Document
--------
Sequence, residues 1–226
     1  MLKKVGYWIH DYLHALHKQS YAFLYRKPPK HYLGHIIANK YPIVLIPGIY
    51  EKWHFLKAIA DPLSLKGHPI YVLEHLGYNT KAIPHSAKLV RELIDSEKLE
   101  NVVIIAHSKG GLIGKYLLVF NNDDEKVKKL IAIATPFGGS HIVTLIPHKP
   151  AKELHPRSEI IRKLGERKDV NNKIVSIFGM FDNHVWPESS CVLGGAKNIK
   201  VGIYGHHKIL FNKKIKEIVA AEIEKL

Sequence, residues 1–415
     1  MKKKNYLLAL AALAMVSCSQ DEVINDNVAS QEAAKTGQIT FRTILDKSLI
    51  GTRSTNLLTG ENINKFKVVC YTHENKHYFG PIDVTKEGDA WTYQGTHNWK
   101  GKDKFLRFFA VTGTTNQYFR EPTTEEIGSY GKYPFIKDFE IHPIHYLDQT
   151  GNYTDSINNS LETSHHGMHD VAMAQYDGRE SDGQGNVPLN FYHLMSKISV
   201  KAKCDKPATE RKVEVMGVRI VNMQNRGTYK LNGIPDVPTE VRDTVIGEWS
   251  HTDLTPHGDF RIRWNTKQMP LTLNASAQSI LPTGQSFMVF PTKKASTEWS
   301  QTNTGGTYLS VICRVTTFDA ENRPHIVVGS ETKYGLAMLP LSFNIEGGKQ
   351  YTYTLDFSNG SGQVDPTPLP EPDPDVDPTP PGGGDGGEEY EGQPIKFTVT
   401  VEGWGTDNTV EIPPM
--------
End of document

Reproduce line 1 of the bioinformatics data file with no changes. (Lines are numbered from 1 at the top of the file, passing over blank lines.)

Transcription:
Sequence, residues 1–226